Desperation pies
Place of originUnited States

Desperation pies are pies in American cuisine made using staple ingredients like butter, sugar, eggs and flour, and making use of other ingredients that cooks had on hand to substitute for ingredients that were out of season or too expensive. These pies were more common before refrigeration and canned pie fillings, and during times of hardship like the Great Depression and rationing of World War II.[1][2]


Before refrigeration, homemakers could only cook with ingredients that were in season or that were preserved or stored, and so could not make fruit pies, like peach pie, when the fruits were not available or prices too high. Green tomato pie was commonly made as a mock apple pie or mock mincemeat pie in the 19th century.[3]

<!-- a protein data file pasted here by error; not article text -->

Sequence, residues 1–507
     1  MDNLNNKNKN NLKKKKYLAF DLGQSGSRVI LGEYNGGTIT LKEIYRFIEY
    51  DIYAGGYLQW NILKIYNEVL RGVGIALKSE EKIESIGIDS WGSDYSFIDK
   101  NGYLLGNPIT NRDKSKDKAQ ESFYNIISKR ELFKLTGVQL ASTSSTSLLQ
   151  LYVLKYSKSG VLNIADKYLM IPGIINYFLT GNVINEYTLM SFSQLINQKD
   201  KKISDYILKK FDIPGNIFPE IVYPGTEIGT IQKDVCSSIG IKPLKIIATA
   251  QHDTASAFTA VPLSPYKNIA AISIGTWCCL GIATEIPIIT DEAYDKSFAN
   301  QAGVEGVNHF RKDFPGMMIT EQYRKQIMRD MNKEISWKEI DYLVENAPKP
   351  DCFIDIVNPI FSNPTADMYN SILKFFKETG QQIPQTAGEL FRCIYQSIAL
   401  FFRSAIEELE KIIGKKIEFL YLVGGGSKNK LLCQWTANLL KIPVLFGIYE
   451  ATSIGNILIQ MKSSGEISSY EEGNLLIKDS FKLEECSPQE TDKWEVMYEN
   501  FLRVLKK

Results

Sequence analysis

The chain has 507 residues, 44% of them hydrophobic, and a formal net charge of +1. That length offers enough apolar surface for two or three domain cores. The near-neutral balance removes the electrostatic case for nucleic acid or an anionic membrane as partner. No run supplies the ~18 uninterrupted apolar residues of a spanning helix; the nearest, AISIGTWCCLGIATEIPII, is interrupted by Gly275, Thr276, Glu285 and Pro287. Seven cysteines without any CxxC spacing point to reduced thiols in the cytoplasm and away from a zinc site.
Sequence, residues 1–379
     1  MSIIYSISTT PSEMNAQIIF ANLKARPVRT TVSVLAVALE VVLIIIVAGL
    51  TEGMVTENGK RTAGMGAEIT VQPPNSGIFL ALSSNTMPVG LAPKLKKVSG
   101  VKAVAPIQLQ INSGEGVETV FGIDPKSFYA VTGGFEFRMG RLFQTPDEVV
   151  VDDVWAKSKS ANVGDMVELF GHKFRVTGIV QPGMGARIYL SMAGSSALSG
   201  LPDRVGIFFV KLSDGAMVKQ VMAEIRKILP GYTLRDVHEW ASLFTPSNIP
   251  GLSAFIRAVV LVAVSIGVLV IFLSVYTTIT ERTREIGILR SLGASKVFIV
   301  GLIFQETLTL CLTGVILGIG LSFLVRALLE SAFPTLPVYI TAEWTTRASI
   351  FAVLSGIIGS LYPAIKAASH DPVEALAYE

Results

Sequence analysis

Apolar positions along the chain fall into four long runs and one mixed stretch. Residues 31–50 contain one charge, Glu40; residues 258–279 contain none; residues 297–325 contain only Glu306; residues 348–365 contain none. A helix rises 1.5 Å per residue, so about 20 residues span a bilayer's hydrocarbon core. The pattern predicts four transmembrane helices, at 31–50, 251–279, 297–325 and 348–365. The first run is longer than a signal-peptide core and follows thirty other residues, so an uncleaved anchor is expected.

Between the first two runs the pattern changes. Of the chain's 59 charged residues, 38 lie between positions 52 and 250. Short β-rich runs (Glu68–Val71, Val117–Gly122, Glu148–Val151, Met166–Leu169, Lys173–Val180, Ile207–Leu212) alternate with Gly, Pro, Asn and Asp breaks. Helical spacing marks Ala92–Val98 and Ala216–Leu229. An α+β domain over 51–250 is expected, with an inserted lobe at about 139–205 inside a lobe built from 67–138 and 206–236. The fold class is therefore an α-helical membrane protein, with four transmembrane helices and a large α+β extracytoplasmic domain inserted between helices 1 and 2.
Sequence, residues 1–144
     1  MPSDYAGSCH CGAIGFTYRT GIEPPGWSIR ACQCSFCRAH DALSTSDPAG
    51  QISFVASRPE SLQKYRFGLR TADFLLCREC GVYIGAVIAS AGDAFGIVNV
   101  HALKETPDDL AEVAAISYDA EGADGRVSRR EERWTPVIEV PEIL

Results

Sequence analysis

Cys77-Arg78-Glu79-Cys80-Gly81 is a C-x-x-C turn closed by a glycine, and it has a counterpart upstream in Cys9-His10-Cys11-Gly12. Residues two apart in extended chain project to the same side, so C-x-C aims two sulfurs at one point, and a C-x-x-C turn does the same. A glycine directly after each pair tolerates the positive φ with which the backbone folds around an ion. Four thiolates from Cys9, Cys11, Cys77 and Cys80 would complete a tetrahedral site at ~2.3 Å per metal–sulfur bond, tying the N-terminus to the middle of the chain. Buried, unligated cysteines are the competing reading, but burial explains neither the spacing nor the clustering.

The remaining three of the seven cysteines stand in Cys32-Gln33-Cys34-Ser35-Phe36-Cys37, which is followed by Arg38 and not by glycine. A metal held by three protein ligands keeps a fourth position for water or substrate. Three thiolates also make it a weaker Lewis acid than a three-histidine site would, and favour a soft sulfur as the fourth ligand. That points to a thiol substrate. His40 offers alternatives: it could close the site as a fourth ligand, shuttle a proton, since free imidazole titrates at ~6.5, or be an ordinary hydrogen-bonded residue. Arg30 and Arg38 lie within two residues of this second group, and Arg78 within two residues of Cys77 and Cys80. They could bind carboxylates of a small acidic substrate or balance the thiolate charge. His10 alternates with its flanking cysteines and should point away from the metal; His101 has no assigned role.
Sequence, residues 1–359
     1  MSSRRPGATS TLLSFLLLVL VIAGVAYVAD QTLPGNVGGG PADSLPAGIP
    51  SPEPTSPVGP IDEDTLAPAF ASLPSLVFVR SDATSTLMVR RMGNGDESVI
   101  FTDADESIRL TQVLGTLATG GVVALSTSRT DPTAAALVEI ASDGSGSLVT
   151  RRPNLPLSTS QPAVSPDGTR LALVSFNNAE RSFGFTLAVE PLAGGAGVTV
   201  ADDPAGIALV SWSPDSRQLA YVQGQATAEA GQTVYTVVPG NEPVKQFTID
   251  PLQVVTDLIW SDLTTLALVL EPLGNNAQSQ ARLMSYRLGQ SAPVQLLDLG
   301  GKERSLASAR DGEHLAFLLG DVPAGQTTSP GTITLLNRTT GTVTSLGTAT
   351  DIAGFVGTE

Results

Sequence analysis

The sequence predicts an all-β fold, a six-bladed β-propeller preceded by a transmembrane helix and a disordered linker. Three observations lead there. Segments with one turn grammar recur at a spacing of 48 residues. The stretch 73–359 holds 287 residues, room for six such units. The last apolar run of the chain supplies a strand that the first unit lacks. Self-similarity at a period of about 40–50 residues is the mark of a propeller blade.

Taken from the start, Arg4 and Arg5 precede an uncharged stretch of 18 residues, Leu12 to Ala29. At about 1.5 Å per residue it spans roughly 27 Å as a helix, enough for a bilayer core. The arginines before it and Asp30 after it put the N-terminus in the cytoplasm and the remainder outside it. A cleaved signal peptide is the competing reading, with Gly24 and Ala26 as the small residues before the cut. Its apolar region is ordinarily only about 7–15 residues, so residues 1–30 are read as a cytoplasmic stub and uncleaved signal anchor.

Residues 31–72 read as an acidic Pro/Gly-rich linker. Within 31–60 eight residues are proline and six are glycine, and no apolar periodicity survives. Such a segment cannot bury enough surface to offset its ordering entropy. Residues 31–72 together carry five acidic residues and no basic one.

Vinegar pies evolved in the cuisine of the Midwestern United States as a substitute for lemons, to balance the sweetness of custard pie filling. Shoofly pie, chess pie and sugar pie were also common pies of the 19th century made with pantry staples. Buttermilk pie is also a type of desperation pie.[4]


  1. ^ "What Are Desperation Pies, and Why Are These Vintage Treats So Hot?". Taste of Home. March 20, 2019.
  2. ^ "In Lean Times, Creative Bakers Turn To Desperation Pies". NPR. July 5, 2012.
  3. ^ "Why Desperation Pies Are Making a Comeback". Bon Appetit. December 18, 2015.
  4. ^ "Why Southerners Celebrate Desperation Pies". Southern Living. November 5, 2015.